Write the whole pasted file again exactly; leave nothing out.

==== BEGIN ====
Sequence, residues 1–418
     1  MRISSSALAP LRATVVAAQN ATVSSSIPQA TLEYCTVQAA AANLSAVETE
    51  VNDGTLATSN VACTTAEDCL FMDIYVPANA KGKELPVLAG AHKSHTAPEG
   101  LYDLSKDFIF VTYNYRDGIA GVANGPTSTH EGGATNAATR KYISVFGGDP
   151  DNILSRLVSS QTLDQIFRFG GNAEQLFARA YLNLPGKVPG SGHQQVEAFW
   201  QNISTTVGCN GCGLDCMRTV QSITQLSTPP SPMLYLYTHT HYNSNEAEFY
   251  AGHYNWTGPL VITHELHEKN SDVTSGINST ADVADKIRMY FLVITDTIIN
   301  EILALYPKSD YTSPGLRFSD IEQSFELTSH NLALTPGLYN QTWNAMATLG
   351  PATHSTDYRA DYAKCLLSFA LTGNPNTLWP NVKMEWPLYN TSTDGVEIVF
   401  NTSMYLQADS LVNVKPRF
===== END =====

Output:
Sequence, residues 1–418
     1  MRISSSALAP LRATVVAAQN ATVSSSIPQA TLEYCTVQAA AANLSAVETE
    51  VNDGTLATSN VACTTAEDCL FMDIYVPANA KGKELPVLAG AHKSHTAPEG
   101  LYDLSKDFIF VTYNYRDGIA GVANGPTSTH EGGATNAATR KYISVFGGDP
   151  DNILSRLVSS QTLDQIFRFG GNAEQLFARA YLNLPGKVPG SGHQQVEAFW
   201  QNISTTVGCN GCGLDCMRTV QSITQLSTPP SPMLYLYTHT HYNSNEAEFY
   251  AGHYNWTGPL VITHELHEKN SDVTSGINST ADVADKIRMY FLVITDTIIN
   301  EILALYPKSD YTSPGLRFSD IEQSFELTSH NLALTPGLYN QTWNAMATLG
   351  PATHSTDYRA DYAKCLLSFA LTGNPNTLWP NVKMEWPLYN TSTDGVEIVF
   401  NTSMYLQADS LVNVKPRF